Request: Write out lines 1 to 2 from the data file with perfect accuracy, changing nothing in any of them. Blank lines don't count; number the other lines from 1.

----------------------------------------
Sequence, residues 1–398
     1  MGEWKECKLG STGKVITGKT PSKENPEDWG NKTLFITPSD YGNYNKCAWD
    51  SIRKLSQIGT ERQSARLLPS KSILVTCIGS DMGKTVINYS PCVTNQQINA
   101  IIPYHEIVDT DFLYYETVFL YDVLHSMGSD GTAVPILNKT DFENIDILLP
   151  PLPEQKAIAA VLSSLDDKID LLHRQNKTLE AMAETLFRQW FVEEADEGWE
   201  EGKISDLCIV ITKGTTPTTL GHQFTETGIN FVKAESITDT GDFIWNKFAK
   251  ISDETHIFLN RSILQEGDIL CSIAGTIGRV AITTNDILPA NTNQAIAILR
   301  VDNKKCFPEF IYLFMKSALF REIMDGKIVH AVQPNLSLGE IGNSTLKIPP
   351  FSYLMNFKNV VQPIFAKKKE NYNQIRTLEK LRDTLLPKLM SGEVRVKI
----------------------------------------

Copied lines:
Sequence, residues 1–398
     1  MGEWKECKLG STGKVITGKT PSKENPEDWG NKTLFITPSD YGNYNKCAWD